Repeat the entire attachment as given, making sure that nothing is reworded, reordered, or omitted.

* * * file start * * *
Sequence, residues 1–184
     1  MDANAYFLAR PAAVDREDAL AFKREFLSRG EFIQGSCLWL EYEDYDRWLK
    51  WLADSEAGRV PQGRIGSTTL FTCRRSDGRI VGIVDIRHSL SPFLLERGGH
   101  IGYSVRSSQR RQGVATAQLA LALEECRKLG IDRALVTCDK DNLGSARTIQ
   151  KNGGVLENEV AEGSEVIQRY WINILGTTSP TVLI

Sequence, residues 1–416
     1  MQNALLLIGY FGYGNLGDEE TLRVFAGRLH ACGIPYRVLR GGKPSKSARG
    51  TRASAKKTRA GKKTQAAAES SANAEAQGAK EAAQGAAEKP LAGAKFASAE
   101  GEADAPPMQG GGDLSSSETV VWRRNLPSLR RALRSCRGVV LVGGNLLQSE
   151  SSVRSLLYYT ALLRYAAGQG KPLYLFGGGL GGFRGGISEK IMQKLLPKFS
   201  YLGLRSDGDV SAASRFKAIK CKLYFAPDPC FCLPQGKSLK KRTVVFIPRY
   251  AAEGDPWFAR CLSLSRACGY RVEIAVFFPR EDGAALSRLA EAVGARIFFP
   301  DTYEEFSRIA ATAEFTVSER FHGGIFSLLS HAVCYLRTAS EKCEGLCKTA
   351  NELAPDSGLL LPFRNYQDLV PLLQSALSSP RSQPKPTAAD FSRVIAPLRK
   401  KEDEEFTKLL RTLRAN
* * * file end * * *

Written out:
Sequence, residues 1–184
     1  MDANAYFLAR PAAVDREDAL AFKREFLSRG EFIQGSCLWL EYEDYDRWLK
    51  WLADSEAGRV PQGRIGSTTL FTCRRSDGRI VGIVDIRHSL SPFLLERGGH
   101  IGYSVRSSQR RQGVATAQLA LALEECRKLG IDRALVTCDK DNLGSARTIQ
   151  KNGGVLENEV AEGSEVIQRY WINILGTTSP TVLI

Sequence, residues 1–416
     1  MQNALLLIGY FGYGNLGDEE TLRVFAGRLH ACGIPYRVLR GGKPSKSARG
    51  TRASAKKTRA GKKTQAAAES SANAEAQGAK EAAQGAAEKP LAGAKFASAE
   101  GEADAPPMQG GGDLSSSETV VWRRNLPSLR RALRSCRGVV LVGGNLLQSE
   151  SSVRSLLYYT ALLRYAAGQG KPLYLFGGGL GGFRGGISEK IMQKLLPKFS
   201  YLGLRSDGDV SAASRFKAIK CKLYFAPDPC FCLPQGKSLK KRTVVFIPRY
   251  AAEGDPWFAR CLSLSRACGY RVEIAVFFPR EDGAALSRLA EAVGARIFFP
   301  DTYEEFSRIA ATAEFTVSER FHGGIFSLLS HAVCYLRTAS EKCEGLCKTA
   351  NELAPDSGLL LPFRNYQDLV PLLQSALSSP RSQPKPTAAD FSRVIAPLRK
   401  KEDEEFTKLL RTLRAN